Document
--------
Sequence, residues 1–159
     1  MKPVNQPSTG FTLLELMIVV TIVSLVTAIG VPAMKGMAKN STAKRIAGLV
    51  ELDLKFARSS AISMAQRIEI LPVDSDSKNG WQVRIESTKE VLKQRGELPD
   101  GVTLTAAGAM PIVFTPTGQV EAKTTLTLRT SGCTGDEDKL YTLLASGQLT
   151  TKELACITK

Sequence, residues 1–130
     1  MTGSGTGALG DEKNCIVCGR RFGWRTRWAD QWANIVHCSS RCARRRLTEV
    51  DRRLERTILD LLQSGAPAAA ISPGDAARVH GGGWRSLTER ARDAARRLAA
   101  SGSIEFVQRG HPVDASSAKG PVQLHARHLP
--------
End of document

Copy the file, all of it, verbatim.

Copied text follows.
Sequence, residues 1–159
     1  MKPVNQPSTG FTLLELMIVV TIVSLVTAIG VPAMKGMAKN STAKRIAGLV
    51  ELDLKFARSS AISMAQRIEI LPVDSDSKNG WQVRIESTKE VLKQRGELPD
   101  GVTLTAAGAM PIVFTPTGQV EAKTTLTLRT SGCTGDEDKL YTLLASGQLT
   151  TKELACITK

Sequence, residues 1–130
     1  MTGSGTGALG DEKNCIVCGR RFGWRTRWAD QWANIVHCSS RCARRRLTEV
    51  DRRLERTILD LLQSGAPAAA ISPGDAARVH GGGWRSLTER ARDAARRLAA
   101  SGSIEFVQRG HPVDASSAKG PVQLHARHLP